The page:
Last Wednesday, Apple CEO Cook announced that the company would donate $1 million each to the ADL and the Southern Poverty Law Center, while Schwarzenegger donated $100,000 to the Simon Wiesenthal Center. The former California governor, the Austria-born son of a Nazi party member, has also pledged all the profits from the sale of a T-shirt featuring his image in the film “The Terminator,” saying “Terminate Hate.” More than 4,000 of the $25 shirt were sold in the first two days it was available.

Meanwhile, Fox Network scion James Murdoch broke ranks with his father, Trump supporter Rupert Murdoch, to criticize the president and also pledge $1 million to the ADL.

Apple CEO Tim Cook speaks about the iPhone 4S at Apple headquarters in Cupertino, California October 4, 2011.Credit: Reuters

And Jim Murren, the chief executive of MGM Resorts, the biggest casino owner on the Las Vegas Strip, has pledged to match his 77,000 employees’ donations to any of seven organizations including the ADL, the Southern Poverty Law Center, the Council on American-Islamic Relations and the NAACP. Murren is a lifelong Republican who last year publicly broke from that party to vote for Hillary Clinton.

The Wiesenthal Center’s Hier said that the surge in donations is not surprising.

“This response is standard. This is not a new phenomenon,” he said. “Many donors give emotionally when there’s a tragedy or terrorist attack. Whenever minorities and Jews feel threatened they respond by going to the organizations that are involved” in countering the threat.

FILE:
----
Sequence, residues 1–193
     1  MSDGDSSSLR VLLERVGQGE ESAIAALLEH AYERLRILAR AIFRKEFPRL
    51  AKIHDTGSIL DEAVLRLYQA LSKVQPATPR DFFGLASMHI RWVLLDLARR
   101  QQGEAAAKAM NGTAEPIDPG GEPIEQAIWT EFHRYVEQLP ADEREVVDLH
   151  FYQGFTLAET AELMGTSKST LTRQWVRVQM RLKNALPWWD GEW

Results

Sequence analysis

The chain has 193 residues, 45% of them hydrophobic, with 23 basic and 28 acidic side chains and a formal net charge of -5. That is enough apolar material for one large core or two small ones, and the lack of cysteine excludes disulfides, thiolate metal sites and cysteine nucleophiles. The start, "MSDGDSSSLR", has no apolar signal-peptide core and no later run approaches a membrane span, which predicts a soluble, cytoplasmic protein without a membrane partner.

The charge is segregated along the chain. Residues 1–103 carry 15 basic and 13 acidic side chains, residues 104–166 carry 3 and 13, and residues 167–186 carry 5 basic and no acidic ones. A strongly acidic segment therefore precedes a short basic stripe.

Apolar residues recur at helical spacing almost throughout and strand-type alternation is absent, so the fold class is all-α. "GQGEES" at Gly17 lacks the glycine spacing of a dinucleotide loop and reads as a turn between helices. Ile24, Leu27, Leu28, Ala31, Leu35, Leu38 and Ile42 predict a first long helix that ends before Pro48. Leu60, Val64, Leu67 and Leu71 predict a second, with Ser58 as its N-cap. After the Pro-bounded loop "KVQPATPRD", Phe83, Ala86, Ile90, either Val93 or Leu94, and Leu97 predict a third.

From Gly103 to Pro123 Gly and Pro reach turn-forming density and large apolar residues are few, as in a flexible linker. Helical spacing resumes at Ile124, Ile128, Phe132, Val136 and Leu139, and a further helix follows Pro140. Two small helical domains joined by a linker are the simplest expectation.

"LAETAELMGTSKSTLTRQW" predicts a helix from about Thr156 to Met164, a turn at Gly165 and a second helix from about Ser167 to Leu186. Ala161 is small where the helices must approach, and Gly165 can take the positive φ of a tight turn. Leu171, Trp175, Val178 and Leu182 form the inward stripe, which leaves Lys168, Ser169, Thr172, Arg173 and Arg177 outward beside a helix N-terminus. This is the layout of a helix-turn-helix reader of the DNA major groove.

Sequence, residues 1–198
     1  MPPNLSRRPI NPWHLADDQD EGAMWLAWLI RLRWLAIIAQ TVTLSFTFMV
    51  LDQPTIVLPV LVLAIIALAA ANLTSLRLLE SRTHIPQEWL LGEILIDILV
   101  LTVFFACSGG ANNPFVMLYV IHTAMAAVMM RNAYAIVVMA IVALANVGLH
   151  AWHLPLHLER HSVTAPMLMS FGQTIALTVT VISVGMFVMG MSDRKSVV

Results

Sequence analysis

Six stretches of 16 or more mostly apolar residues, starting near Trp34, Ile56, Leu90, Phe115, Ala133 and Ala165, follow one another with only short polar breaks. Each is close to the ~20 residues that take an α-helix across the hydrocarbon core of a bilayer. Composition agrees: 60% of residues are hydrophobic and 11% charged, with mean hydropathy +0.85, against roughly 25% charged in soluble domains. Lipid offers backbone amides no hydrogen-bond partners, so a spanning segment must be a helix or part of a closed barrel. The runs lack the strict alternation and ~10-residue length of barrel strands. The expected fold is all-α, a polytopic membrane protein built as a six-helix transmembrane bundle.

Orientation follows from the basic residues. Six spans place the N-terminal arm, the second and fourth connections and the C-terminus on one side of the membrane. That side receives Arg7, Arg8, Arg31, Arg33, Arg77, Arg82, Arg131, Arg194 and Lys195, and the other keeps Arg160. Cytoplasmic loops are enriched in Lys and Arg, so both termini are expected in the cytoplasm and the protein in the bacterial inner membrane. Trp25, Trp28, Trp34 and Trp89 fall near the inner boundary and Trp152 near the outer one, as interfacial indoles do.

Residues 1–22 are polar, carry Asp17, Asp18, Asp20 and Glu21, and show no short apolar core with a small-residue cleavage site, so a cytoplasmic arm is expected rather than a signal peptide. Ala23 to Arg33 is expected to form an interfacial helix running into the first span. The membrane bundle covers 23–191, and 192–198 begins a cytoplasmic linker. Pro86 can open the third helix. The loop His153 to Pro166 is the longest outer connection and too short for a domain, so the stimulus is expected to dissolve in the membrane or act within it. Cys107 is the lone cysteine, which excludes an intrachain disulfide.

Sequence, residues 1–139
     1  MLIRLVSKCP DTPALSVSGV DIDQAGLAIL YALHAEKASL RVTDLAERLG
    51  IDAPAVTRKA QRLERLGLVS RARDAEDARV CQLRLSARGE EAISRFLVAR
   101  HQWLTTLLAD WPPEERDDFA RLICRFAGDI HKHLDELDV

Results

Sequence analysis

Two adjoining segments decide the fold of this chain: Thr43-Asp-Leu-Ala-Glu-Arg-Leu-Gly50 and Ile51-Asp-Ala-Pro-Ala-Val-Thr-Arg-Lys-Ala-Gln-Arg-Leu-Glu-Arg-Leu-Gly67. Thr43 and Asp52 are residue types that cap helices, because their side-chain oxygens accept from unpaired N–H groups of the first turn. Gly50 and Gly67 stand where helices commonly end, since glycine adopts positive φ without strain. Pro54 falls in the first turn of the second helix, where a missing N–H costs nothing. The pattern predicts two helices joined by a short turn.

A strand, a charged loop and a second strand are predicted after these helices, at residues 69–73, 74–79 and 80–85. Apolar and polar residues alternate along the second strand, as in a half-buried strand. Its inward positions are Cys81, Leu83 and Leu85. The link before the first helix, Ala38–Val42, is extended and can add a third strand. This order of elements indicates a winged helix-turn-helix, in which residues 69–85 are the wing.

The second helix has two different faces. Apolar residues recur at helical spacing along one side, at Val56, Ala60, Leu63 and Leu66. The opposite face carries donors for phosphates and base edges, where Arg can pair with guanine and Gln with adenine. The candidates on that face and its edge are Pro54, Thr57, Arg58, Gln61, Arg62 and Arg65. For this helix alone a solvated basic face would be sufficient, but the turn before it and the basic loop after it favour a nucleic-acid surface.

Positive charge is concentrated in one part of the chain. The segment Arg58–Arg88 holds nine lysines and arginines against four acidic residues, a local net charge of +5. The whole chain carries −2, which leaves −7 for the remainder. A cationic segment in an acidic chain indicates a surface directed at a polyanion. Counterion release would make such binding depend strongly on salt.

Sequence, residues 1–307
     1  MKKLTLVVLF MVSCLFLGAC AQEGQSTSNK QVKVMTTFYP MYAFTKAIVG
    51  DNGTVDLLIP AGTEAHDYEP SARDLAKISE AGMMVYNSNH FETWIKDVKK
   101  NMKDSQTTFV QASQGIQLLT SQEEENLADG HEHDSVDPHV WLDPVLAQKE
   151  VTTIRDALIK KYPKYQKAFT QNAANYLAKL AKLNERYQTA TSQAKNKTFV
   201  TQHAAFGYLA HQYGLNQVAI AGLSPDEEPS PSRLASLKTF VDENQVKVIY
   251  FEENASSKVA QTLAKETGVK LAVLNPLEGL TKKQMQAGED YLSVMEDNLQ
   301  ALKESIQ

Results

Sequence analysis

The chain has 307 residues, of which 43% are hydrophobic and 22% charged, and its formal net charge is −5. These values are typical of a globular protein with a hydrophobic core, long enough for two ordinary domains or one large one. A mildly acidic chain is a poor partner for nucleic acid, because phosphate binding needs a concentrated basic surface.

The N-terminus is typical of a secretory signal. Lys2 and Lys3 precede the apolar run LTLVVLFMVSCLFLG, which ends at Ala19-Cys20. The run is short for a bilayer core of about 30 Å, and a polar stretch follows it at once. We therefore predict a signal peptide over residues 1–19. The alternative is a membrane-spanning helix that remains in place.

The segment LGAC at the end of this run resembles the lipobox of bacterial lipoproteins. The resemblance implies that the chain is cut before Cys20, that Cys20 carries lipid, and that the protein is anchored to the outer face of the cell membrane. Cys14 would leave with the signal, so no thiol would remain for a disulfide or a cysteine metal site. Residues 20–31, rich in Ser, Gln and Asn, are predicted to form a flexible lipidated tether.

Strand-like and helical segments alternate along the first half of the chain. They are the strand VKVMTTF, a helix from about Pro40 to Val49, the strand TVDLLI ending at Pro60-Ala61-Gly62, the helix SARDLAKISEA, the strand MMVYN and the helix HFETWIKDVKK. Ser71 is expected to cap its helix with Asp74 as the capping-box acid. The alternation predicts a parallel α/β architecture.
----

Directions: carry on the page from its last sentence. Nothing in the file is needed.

Cook & Co. set the tone

But the effort seems to be reaping a whole new level of reward for anti-hate groups in the Trump era.

Actor Arnold Schwarzenegger attends a promotional tour for the film 'Terminator Genisys' in Shanghai, China, in this file photo taken August 19, 2015.Credit: Reuters

According to business news website MarketWatch, “The American Civil Liberties Union raised $24 million online after Trump issued an executive order banning immigration from several Muslim-majority countries and the environmental nonprofit Sierra Club raised more in the three days following the election than it did in all of 2015. Planned Parenthood saw donations increase 40-fold following the election.”

Staff members of the organizations that are beneficiaries of prominent figures’ largess say the gifts send important signals. “When you have industry leaders like Tim [Cook] and others it helps set a tone for people who might want to do something. They’re saying ‘we’re making a statement with our dollars,’” said Via of the Southern Poverty Law Center.

Apple’s gift wasn’t something the group was in talks with the tech company about, Via said, calling the donation “a very pleasant surprise.”

Cook also sent an email to Apple’s 120,000 employees around the world, criticizing Trump’s decision to respond to the Charlottesville events by blaming both sides for the violence.

“We must not witness or permit such hate and bigotry in our country, and we must be unequivocal about it. This is not about the left or the right, conservative or liberal,” Cook wrote. “I disagree with the president and others who believe that there is a moral equivalence between white supremacists and Nazis, and those who oppose them by standing up for human rights. Equating the two runs counter to our ideals as Americans.”

Via said such a message was even more important than Apple’s donation. “The dollars will help us do even more, but the letter he sent to Apple employees, that kind of message going out to an audience that most social justice organizations can’t reach, is huge,” she said.